WASHINGTON. As the Brett Kavanaugh nomination hearings clearly show thus far, the Republican majority in Congress are neither fighters nor in control. That was made crystal clear yet again last week when GOP lawmakers allowed Democrats to hijack the Kavanaugh Supreme Court hearings completely. Or almost completely.
Senator Lindsey Graham’s astonishing, truth-telling outburst cleared the air during the Senate Democrats’ disgusting, nonstop stunting, if only for a moment.
Televised clips, during which Graham explodes in spontaneous outrage at his Democrat committee “colleagues” are widely available and well worth viewing.
An “Aha!” moment
Onetime Never-Trump Senator Lindsey Graham (R-SC) tripped over an epiphany at the conclusion of Supreme Court nominee Brett Kavanaugh’s impassioned denial of Professor Christine Blasey Ford’s far-fetched tale.
She claimed, yet again and in person, that Kavanaugh attempted to rape and “inadvertently kill” her.
Graham explodes. He finally gets it. Unlike the trio of RINOs that halted the growing GOP tide
As Graham told Judge Kavanaugh and his Democratic colleagues:
“What you want to do is destroy this guy’s [Kavanaugh’s] life, hold his seat, and hope you win in 2020. You’ve said that. Not me! [To Kavanaugh] You’ve got nothing to apologize for. When you see [Justices] Sotomayor and Kagan, tell them that Lindsey said hello to them, because I voted for them. [To Senate Judiciary Committee Democrats] I would never do to them what you’ve done to this guy! This is the most unethical sham since I’ve been in politics, and if you really wanted to know the truth, you sure as hell wouldn’t have done what you have done to this guy.”
That’s right. Sen. Graham voted to confirm leftist, authoritarian Justices Sonia Sotomayor and Elena Kagan. Not even the late and habitually bipartisan sop, Sen. John McCain, debased himself to that extent.
It now appears Graham has discovered that Democrats are not the collegial colleagues he was led to believe.
That his bipartisan notions harken back to the days when “I Love Lucy” was still a hit T.V. sitcom. But he’s beginning to understand, a little too late, that today’s politics is, as Carl von Clausewitz observed, “war by other means.”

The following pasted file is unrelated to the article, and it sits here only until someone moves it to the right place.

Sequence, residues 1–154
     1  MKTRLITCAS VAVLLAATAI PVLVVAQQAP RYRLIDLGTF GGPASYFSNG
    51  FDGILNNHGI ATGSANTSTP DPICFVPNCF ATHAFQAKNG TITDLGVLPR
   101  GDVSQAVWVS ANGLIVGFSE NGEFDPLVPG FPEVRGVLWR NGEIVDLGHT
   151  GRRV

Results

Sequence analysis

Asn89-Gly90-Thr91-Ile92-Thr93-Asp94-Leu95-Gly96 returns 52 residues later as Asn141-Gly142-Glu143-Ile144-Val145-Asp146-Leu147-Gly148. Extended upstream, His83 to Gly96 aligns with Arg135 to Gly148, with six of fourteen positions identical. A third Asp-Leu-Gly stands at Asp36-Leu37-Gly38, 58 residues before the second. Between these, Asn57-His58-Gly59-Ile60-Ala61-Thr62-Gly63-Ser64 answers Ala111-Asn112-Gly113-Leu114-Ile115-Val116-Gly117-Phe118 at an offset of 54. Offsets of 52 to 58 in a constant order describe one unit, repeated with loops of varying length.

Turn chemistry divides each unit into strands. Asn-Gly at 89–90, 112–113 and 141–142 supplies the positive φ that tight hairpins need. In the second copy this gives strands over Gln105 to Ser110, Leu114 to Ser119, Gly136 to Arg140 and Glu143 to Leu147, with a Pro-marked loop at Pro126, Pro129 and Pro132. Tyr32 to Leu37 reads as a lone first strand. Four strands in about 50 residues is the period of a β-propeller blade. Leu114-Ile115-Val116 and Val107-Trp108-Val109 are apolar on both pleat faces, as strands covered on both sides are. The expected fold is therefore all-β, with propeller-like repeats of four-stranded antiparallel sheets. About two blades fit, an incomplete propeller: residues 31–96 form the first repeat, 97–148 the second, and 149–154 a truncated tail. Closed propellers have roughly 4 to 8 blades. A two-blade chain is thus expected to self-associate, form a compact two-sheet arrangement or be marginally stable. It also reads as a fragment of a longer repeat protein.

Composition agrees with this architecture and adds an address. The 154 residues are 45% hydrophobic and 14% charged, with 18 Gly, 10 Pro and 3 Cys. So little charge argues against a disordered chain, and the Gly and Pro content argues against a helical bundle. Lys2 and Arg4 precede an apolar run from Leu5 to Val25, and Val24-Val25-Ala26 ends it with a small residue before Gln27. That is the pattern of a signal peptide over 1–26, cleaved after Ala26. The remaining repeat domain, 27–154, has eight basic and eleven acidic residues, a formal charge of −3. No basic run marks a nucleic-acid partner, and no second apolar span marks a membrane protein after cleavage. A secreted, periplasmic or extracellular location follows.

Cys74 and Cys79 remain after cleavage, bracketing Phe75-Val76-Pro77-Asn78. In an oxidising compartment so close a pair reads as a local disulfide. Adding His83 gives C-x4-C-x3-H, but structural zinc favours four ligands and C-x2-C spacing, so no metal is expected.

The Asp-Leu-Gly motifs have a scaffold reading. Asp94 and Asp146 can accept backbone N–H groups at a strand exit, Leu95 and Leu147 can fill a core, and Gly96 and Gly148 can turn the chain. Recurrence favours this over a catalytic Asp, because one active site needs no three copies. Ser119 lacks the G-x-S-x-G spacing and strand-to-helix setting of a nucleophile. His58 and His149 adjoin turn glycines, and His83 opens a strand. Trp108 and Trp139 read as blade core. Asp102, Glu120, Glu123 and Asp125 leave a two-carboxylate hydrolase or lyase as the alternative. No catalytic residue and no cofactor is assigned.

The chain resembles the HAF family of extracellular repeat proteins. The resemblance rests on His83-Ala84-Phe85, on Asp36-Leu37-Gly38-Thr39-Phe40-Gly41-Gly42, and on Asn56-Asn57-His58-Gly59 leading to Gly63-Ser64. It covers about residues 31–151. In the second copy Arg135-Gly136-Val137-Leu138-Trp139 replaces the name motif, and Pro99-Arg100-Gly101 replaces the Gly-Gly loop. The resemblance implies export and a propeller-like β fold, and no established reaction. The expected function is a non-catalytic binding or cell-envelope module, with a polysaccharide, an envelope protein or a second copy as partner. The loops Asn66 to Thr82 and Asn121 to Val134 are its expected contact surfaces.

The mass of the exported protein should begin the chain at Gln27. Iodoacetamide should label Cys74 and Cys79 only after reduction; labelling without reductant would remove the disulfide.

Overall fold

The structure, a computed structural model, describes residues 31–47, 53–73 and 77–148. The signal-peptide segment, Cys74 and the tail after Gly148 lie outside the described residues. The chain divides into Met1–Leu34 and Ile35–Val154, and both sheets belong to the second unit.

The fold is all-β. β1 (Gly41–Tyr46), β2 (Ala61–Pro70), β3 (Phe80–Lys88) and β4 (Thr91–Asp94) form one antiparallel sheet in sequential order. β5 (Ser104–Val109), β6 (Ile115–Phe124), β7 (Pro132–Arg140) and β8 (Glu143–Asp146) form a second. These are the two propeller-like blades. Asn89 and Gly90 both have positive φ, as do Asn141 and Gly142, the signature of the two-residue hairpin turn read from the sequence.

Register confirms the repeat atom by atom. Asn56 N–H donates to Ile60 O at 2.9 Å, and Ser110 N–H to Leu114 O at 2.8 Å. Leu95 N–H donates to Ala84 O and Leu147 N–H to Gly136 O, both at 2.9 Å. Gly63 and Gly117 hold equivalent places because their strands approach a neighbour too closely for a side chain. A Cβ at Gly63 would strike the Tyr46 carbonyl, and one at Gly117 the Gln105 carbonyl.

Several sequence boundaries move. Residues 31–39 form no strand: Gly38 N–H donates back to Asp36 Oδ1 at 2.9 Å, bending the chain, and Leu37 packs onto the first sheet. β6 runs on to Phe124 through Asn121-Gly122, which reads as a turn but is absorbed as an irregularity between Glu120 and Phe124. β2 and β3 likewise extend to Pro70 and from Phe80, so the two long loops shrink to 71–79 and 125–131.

Building bridges for the enemy
Graham’s stunning reality check is reminiscent of Alec Guinness’s in his portrayal of British Colonel Nicholson in the classic World War II film “Bridge on the River Kwai.” At the conclusion of the movie, Col. Nicholson, who’s commanded Allied prisoners of war in the construction of a railway bridge for his Japanese captors, is horrified to discover Allied commandos are actually trying to destroy the trestle.
When his actions to alert the Japanese lead to the deaths of attacking Allied soldiers, he bursts forth from his bizarre PTSD reverie, proclaiming just prior to his death,
“What have I done?”
Bipartisan-inclined Republicans should be having the same reaction after the Democrats’ appalling (and still ongoing) smear campaign against Kavanaugh. At least those Republicans whose cerebral synapses are still firing on all cylinders.
An unfinished job for the Tea Party
Back in 2010, Tea Party political activists were already clear on that concept. And that’s why they successfully unseated many a bipartisan-minded Republican incumbent in 2010 and 2014. Thus rendering GOP members in the U.S. House of Representatives ungovernable by then-GOP Speaker John Boehner.
Unable to cobble together legislation favorable to the Obama White House, Boehner resigned his seat in frustration.
As Tea Party Patriots co-founder Jenny Beth Martin wrote for Fox News after President Trump’s 2016 victory:
“Donald Trump won because, at the end of the day, this election was not about money raised, or slick campaign operations. This election was about one overarching theme: ending the status quo in Washington D.C.
“The myth that the Tea Party movement has run its course and is on the decline is a convenient narrative, and a clever technique to dismiss and sideline an effective political opponent… This election, however, is definitive proof not only of our ability to engage in political races and help the candidates win, but also affirm the broad popularity of our message and agenda.”
It’s very clear many Republican lawmakers in Washington still don’t get it. They have yet to have their “Bridge on the River Kwai” moment.
And that means the Tea Party’s work is far from over.
Top Images: Lindsey Graham, Fox News screen capture.
Inset, Alec Guinness in the 1957 film “Bridge on the River Kwai.” Screen capture.